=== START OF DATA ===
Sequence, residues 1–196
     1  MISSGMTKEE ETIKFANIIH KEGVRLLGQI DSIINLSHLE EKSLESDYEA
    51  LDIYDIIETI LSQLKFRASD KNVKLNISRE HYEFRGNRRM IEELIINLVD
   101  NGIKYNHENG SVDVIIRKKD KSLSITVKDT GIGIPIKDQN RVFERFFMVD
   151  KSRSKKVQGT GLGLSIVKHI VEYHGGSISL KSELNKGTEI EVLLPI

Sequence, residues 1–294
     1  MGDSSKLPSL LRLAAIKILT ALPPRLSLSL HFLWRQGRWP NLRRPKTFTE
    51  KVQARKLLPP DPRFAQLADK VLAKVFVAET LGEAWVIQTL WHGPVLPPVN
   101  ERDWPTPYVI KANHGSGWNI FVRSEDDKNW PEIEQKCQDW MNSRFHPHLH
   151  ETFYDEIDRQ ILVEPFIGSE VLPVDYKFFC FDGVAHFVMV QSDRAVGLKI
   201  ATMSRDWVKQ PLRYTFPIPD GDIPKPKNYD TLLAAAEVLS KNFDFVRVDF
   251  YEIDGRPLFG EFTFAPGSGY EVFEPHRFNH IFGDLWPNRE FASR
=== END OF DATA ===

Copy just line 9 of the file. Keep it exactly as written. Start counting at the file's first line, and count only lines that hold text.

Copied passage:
   101  ERDWPTPYVI KANHGSGWNI FVRSEDDKNW PEIEQKCQDW MNSRFHPHLH